The Maryland Assembly has been violently agitated by the question for a paper emission. It has been carried in the House of Delegates; but what has been or may be the fate of the bill in the Senate, I have not yet heard. The partisans in favor of the measure in the lower House threaten, it is said, a secession, if it is rejected by that branch of the legislature. Thus are we advancing. In regretting, which I have often done with the keenest sorrow, the death of our much lamented friend General Greene, I have accompanied it of late with a query, whether he would not have preferred such an exit to the scenes, which, it is more than probable, many of his compatriots may live to bemoan.
In both your letters you intimate, that the men of reflection, principle, and property in New England, feeling the inefficacy of their present government, are contemplating a change; but you are not explicit with respect to its nature. It has been supposed, that the constitution of the State of Massachusetts was amongst the most energetic in the Union. May not these disorders then be ascribed to an indulgent exercise of the powers of administration? If your laws authorized, and your powers are equal to the suppression of these tumults in the first instance, delay and unnecessary expedients were improper. These are rarely well applied; and the same causes would produce similar effects in any form of government, if the powers of it are not exercised. I ask this question for information. I know nothing of the facts.
That Great Britain will be an unconcerned spectator of the present insurrections, if they continue, is not to be expected. That she is at this moment sowing the seeds of jealousy and discontent among the various tribes of Indians on our frontiers, admits of no doubt in my mind; and that she will improve every opportunity to foment the spirit of turbulence within the bowels of the United States, with a view of distracting our governments and promoting divisions, is with me not less certain. Her first manœuvres in this will no doubt be covert, and may remain so till the period shall arrive when a decided line of conduct may avail her. Charges of violating the treaty, and other pretexts, will then not be wanting to color overt acts, tending to effect the great objects of which she has long been in labor. A man is now at the head of their American affairs, well calculated to conduct measures of this kind, and more than probably was selected for the purpose. We ought not therefore to sleep nor to slumber. Vigilance in watching and vigor in acting is become in my opinion indispensably necessary. If the powers are inadequate, amend or alter them; but do not let us sink into the lowest state of humiliation and contempt, and become a by-word in all the earth. I think with you, that the spring will unfold important and distressing scenes, unless much wisdom and good management is displayed in the interim. Adieu. Be assured no man has a higher esteem and regard for you, than I have; none more sincerely your friend.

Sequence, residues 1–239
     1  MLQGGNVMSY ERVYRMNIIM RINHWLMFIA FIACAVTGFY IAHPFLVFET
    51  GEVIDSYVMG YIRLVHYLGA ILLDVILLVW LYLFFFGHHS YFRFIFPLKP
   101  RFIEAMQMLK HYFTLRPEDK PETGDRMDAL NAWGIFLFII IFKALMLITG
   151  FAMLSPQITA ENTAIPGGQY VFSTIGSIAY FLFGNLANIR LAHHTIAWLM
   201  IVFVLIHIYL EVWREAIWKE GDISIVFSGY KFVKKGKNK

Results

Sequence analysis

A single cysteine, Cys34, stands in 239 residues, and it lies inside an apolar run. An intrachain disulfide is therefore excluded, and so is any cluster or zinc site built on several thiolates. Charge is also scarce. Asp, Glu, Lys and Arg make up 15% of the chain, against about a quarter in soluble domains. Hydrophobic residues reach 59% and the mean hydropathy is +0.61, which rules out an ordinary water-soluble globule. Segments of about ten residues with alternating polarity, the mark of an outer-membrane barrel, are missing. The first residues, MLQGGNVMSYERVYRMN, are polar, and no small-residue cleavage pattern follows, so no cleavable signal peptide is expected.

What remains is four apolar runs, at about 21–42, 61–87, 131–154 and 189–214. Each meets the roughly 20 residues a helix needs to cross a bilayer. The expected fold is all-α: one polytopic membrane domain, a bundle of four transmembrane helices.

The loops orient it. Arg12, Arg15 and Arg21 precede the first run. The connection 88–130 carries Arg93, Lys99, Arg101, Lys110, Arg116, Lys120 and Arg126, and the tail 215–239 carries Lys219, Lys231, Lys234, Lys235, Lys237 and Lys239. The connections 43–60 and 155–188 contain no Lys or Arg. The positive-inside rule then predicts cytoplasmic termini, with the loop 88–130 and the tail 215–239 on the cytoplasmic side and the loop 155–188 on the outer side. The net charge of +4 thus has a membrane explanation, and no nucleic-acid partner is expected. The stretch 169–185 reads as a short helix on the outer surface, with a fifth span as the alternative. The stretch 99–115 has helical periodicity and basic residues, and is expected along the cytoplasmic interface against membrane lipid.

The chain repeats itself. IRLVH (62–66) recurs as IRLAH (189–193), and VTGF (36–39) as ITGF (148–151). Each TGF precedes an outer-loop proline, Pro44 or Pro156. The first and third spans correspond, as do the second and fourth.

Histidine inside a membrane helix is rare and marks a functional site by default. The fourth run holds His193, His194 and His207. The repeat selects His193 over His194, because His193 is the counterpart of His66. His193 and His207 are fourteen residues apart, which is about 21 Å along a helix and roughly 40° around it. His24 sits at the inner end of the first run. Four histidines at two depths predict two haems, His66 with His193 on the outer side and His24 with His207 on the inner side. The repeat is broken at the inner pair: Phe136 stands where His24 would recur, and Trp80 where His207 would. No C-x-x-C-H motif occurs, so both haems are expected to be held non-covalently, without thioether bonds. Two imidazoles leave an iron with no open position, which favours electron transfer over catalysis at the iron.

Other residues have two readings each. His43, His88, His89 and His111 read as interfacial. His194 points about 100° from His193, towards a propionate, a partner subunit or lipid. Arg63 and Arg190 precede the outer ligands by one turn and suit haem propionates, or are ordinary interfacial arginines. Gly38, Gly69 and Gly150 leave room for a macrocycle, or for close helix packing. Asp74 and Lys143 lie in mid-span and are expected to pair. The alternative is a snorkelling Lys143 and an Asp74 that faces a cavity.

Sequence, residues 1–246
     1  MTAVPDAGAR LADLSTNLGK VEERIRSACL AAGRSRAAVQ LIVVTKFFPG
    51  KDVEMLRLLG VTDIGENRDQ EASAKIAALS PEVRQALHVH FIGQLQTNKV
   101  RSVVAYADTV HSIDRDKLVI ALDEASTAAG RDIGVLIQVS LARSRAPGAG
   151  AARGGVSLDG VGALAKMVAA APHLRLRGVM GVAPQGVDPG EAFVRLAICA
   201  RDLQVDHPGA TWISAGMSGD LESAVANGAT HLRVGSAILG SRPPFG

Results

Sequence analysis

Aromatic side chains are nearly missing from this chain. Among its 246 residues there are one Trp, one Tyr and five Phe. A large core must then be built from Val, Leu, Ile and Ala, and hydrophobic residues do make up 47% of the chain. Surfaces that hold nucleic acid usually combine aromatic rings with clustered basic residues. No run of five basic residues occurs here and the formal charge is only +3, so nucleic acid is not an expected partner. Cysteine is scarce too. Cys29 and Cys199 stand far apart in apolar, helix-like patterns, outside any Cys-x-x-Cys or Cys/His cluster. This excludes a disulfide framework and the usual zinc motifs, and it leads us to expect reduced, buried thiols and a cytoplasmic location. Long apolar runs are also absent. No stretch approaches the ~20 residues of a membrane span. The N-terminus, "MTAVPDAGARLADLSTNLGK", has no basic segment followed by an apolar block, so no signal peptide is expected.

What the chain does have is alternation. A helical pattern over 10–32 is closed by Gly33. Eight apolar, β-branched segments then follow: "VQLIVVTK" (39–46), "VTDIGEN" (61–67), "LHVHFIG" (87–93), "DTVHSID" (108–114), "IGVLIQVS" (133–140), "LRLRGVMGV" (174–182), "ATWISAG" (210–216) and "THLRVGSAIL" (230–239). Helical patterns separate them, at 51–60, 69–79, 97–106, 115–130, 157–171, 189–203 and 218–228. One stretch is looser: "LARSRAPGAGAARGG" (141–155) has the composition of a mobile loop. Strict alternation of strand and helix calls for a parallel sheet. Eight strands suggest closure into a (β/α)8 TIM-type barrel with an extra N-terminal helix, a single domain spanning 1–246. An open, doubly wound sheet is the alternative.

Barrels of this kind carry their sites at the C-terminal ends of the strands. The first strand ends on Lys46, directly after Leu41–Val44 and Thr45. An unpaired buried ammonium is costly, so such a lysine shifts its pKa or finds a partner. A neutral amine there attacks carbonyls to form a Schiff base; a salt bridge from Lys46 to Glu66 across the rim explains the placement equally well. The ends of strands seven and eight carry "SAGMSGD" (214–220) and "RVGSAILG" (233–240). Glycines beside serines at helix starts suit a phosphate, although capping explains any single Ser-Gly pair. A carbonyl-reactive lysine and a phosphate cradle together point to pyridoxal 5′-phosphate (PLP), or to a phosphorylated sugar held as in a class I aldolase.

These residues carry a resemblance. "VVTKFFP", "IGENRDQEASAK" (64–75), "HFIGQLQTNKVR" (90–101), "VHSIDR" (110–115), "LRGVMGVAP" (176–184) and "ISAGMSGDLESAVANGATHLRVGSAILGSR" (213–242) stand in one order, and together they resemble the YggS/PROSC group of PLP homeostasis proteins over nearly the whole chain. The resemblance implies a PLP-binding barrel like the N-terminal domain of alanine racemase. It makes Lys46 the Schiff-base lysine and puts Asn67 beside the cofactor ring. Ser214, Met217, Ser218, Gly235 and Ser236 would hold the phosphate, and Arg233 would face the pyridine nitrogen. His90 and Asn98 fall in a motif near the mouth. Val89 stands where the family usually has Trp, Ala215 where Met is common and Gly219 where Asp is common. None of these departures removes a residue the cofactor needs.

P. S. Mrs. Washington joins me in every good wish for you and Mrs. Knox and in compliments of congratulation on the late addition to your family.